Simon Callow takes on Orson Welles

As Simon Callow's one-man show about Orson Welles comes to Yorkshire, he speaks to Theatre correspondent Nick Ahad.

Simon Callow is the kind of man who easily inspires envy.

Award-winning writer, award-winning director, award-winning actor: it feels like there’s nothing he can’t do.

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The good news is that he too has feelings of envy when he looks to his own heroes. Unlike most of us, however, Callow is blessed with the ability and opportunity to channel such heroes. Having played Dickens and Oscar Wilde on stage, he is now taking on his greatest challenge – and it appears it’s a challenge upon which Callow has come short. That challenge is Orson Welles.

“In the case of Dickens you can perform his work on stage. Sometimes when I’m performing Dickens, at the risk of sounding new age and all that, I feel like I’m actually channeling him. It’s as though I can feel his blood flowing through my veins,” says Callow.

“Welles proves far more elusive.”

Orson Welles, the polymath who bestrode the world of cinema like none who came before him and few who followed, has been a lifetime obsession for Callow.

One Man Band is the now three-volume biography Callow has written of the great director and actor.

Now Callow is taking a show on the road which, unlike his previous one-man shows, features the actor not performing as a version of his subject, but more simply reading from his book and telling stories about Welles.

“It’s as much about my relationship with Welles as it is about the man himself, that’s what I’m trying to convey with this show,” says Callow.

“It’s almost about my own frustration, my exasperation at trying to uncover the man. I feel at times that I am stalking some great prey. I feel like Ahab pursuing Moby Dick, only I don’t want to capture him and destroy him, I want to observe and understand him. When I was writing about Dickens, I felt he was on my side, like he wanted to help. With Welles it feels like he is constantly trying to trip me up.

“I’m not someone who believes in all that supernatural stuff, but when I was writing my latest volume of his biography, I had computers break and at one point when I was writing, in the throes of finishing it off, my house had a biblical infestation of moths.”

Belief in the supernatural or not, it’s easy to imagine that when you are investigating the life of a human being as extraordinary as Orson Welles, it would be easy to start wondering if there is a higher power. What Welles achieved in life should be impossible for a single person in a single lifetime. It’s easy to see that the draw to tell his story is compelling.

“He achieved a staggeringly large amount of interesting things in so many fields and while there are biographies of him, I wasn’t aware of a book that attempted to look at him in the round,” says Callow, explaining why his fascination developed to the point of a three-volume biography.

“I wanted to understand more about this man who was so prolific and productive and achieved so many things in so many different areas of what we call ‘the arts’. He wasn’t just a filmmaker, he was a theatre director, a painter of some distinction, he created a ballet, he was an inventor. He did at one point very shyly compare himself to Leonardo da Vinci.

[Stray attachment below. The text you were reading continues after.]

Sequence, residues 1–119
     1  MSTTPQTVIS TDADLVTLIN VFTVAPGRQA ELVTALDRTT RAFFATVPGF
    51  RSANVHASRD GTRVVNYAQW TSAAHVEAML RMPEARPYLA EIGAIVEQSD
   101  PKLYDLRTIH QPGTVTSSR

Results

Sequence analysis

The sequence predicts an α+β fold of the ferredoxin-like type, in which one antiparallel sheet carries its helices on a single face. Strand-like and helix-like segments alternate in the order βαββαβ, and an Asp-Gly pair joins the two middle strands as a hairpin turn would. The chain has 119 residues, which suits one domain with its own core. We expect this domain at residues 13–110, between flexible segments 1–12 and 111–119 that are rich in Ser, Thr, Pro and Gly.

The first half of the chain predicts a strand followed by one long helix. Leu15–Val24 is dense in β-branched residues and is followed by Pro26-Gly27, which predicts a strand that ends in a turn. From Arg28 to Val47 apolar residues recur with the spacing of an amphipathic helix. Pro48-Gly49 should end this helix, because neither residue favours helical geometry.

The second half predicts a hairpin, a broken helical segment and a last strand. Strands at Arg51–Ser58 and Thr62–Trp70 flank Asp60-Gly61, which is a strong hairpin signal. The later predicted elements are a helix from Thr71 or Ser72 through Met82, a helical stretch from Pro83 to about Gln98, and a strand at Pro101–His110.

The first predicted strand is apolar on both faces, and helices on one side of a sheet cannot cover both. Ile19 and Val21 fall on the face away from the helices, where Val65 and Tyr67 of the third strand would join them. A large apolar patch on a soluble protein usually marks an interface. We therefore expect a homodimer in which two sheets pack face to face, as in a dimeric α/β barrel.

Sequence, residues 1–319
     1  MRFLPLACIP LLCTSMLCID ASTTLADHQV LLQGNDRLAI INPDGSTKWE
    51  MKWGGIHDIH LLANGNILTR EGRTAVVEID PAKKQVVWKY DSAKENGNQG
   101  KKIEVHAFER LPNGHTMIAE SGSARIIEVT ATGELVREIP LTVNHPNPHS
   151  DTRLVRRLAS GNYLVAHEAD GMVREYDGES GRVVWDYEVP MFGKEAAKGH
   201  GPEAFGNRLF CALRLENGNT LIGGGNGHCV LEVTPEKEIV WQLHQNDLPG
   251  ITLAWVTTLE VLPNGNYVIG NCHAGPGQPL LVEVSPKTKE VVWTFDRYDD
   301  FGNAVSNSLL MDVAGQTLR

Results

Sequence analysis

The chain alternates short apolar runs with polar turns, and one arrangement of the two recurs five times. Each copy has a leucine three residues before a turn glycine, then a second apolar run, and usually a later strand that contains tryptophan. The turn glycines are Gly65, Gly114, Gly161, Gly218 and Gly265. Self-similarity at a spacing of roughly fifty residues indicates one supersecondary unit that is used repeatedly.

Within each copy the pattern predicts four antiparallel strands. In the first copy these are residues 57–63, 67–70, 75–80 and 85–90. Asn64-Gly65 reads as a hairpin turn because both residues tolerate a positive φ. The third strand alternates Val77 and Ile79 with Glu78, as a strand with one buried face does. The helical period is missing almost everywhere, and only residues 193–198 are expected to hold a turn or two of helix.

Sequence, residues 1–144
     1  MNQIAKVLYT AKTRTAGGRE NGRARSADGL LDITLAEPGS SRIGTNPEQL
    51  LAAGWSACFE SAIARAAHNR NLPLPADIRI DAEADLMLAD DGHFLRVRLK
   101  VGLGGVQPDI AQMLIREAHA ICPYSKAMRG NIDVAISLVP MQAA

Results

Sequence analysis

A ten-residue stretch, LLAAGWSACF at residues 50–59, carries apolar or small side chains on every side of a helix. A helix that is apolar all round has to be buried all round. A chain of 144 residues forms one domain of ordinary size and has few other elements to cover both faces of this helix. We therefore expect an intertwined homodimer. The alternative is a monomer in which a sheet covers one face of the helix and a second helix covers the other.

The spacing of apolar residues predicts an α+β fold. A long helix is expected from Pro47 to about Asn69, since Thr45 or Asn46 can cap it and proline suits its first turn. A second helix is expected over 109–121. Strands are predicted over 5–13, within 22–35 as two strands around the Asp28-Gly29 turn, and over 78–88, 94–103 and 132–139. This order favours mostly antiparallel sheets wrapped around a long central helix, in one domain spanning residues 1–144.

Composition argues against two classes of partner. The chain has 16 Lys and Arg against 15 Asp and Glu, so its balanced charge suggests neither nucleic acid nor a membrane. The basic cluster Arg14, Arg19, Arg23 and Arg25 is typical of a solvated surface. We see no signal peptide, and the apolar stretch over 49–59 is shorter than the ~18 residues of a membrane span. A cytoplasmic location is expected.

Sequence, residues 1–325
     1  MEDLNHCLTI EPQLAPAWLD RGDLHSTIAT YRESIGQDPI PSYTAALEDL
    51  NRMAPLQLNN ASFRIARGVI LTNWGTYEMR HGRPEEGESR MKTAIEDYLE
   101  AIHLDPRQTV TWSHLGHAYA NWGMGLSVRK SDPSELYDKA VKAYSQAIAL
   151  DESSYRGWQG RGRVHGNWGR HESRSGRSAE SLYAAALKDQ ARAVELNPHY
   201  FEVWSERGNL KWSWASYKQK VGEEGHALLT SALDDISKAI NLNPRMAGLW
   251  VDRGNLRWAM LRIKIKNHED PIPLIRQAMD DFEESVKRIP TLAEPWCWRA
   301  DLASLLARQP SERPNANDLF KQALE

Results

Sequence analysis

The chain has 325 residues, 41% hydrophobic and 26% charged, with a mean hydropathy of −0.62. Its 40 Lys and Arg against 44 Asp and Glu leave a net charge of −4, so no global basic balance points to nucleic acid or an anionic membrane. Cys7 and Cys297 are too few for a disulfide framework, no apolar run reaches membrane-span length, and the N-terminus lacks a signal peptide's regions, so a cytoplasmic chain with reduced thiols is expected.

“I think it’s a fair comparison. I think he was engaged in the same way that Leonardo was engaged, in that there seemed to be no limit to his great enquiry into the arts and no limit to his ambition.”

It’s exhausting just listening to Callow describe his hero and it’s impossible not to get similarly caught up in his admiration for the great man.

It’s also easy to wonder if Callow is seeking for others to draw comparisons between himself and these great creators. He has, after all, played so many of them on stage in one-man shows, is the point that we might too see him as one of them?

“I find everything I do really quite hard and it’s always much harder when it comes to doing something than I imagined it would be at the time I agreed to do it,” he says.

“What I will say for myself is that I always hang on in there to bring a project to fruition. Alas I am not as talented as these men, but I do hang in there and see things out.”

Callow grew up in a deeply academic household with parents who taught him the value of speaking ‘correctly’: a lesson that has paid off in space, his rich, plummy tones a vital part of his career and character. After drama school he acted in several stage plays before landing a part in the Oscar-winning film adaptation of Amadeus. He came to wider public prominence when he played the flamboyant Gareth in Four Weddings and a Funeral, the character whose death inspires John Hannah’s character to recite Funeral Blues and in doing so created one of the movie’s iconic moments.

From that moment Callow’s career appeared to go into overdrive, his writing and directing receiving ever-increasing plaudits. He shows no signs of slowing down.

“It’s worse than ever, I fear I must be addicted,” he says.

“It’s partly to do with getting older and becoming more aware of the things one wants to do and the things one feels like one has to do.

“The people I have spent years writing about are greedy. They are greedy for interesting things, greedy to achieve and greedy to put things out in the world.

“I can definitely understand that feeling.”

An Evening with Simon Callow: One-Man Band, Cast at Doncaster, April 1, Leeds City Varieties, April 5.